Written by Raluca, Celine, and Joshua
This past Saturday, April 2, ozone garden volunteers Celine and Joshua led an activity at the Color of Science program at The Franklin Institute. The Color of Science is an annual program that highlights diversity in science by exploring the contributions of underrepresented groups, including women and persons of color, to modern science, engineering and technology.
The Franklin Institute’s Environmental Scientist, Dr. Raluca Ellis, introduced the activity on the formation of ground-level ozone and its effect on humans and plants. Using LEGO bricks, visitors learned the ingredients needed to make ozone: VOCs, nitrogen oxides, and sunlight, and found out about our ozone garden research project and how they can observe ozone-induced leaf damage on their own.
Here’s what Joshua and Celine had to say about the event:
“I was anxious at first, having no idea how it would all work out. I watched Raluca do the activity a few times and observed the kids’ reactions. When Celine and I took over, we decided to ease into it by sharing duties. Through repetition, I was able to learn the intended purpose and flow of the activity and sharpened my understanding of the reactions involved. It was cool to try to explain what we’ve been doing in simple terms.” -Joshua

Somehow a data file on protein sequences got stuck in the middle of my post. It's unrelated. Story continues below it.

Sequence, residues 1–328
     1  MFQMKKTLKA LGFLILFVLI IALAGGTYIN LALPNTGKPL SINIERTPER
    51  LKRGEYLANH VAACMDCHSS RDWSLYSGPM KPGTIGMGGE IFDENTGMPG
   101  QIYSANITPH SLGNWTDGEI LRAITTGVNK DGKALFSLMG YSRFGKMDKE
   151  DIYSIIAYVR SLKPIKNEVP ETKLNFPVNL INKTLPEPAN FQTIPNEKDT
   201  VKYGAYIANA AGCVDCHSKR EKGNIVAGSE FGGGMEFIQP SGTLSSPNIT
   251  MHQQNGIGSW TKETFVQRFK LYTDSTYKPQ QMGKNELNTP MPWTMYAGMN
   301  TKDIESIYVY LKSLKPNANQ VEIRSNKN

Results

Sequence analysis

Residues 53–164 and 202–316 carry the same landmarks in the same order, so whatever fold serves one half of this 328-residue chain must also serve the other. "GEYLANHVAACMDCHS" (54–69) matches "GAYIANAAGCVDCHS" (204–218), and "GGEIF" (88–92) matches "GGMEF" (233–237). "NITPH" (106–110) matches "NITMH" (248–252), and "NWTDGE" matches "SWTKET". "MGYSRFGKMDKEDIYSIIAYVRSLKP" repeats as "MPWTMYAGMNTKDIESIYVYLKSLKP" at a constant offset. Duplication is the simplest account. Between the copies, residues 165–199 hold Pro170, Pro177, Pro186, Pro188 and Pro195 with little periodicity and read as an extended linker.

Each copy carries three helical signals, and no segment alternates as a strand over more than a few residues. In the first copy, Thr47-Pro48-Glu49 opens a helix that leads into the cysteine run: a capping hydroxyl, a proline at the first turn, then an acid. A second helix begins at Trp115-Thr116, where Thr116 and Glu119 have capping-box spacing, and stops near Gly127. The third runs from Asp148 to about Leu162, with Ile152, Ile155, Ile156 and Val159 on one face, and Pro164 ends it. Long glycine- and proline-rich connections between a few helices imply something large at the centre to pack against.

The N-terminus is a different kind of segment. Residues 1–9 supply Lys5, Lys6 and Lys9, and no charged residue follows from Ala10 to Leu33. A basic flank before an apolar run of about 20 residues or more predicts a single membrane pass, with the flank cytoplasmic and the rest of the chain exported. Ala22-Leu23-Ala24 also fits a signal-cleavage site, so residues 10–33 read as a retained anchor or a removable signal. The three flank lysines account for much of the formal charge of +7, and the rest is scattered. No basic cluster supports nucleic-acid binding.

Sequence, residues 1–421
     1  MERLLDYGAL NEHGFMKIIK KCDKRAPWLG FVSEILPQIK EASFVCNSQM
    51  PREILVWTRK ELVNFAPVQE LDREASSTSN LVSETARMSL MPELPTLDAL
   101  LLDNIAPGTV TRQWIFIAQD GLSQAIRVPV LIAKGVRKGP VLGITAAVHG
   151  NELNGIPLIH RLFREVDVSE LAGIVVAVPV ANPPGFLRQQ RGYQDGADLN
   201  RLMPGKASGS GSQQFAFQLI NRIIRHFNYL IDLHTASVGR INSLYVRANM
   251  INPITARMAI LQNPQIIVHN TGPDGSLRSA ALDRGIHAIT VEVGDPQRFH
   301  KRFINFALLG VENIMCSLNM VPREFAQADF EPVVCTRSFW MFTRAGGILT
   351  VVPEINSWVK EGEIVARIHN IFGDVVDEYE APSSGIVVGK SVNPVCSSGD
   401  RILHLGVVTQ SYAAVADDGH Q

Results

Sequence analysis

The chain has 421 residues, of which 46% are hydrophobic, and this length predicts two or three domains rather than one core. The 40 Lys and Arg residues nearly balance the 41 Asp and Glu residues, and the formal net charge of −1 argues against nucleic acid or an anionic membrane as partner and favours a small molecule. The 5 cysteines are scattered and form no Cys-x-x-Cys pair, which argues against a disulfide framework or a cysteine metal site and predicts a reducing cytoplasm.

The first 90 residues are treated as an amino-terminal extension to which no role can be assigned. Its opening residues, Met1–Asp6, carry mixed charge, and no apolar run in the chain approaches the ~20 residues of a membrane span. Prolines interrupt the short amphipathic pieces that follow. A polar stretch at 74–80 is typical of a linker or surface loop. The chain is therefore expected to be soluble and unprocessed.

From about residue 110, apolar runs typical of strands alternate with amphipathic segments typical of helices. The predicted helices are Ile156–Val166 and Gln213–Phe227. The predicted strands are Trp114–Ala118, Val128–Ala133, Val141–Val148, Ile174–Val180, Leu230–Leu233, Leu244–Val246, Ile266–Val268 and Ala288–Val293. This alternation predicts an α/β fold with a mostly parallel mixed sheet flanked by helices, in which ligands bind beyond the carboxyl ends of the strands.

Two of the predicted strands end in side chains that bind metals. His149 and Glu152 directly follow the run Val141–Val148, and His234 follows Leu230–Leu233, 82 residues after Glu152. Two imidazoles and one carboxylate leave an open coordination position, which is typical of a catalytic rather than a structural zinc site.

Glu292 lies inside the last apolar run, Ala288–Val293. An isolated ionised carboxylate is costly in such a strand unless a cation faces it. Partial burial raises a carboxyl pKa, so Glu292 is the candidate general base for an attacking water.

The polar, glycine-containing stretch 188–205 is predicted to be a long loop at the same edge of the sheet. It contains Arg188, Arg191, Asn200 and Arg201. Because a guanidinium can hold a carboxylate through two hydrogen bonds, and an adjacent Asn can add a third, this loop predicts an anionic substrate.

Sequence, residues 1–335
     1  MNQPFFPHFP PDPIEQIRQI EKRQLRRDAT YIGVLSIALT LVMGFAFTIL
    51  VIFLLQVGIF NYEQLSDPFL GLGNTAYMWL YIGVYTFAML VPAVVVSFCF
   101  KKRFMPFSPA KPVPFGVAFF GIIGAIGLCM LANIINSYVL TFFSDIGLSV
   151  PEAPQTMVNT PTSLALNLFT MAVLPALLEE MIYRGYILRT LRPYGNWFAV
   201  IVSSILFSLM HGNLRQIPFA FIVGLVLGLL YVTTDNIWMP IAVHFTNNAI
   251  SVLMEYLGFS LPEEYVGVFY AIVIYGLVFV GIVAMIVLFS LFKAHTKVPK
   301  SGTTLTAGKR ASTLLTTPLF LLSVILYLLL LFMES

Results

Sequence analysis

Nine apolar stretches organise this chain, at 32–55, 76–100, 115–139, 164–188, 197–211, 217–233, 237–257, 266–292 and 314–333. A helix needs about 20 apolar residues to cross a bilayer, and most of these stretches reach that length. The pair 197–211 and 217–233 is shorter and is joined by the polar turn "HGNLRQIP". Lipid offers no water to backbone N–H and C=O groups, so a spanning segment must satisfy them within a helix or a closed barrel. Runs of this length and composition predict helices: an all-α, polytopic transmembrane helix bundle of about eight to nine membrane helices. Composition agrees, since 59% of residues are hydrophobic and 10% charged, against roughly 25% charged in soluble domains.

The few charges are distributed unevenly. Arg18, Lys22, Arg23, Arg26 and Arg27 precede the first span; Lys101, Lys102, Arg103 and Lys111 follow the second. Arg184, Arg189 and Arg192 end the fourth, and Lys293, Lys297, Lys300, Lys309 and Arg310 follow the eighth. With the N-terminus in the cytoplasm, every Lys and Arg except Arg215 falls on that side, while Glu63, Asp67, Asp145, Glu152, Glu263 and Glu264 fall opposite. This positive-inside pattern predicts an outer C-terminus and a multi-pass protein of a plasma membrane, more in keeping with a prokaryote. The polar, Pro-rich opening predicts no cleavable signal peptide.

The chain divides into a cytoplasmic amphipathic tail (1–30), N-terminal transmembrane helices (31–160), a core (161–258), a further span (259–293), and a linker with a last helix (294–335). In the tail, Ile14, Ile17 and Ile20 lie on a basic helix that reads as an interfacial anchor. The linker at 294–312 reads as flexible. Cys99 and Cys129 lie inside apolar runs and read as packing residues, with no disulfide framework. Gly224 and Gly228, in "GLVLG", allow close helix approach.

“My experience with the Color of Science at The Franklin Institute was immensely fascinating and unforgettable. The vast range of different scientists and students present showed a very diverse atmosphere in the realm of science from engineers to bioscientists. On this day, I was able to showcase the Ozone Garden project at the Franklin Institute to several groups of students. We demonstrated the formation of ozone through Lego pieces. I enjoyed teaching the students the process of making a ozone and informing them about the harmful effects of air pollution. Likewise, I,too, had learned plenty at this event. While walking around, I was able to meet some brilliant minded scientists presenting their occupation or research. During these several hours, I learned the intricate functions of a microphone to how to patent an object. Overall, I had thoroughly enjoyed the event and am looking forward to this next year.” -Celine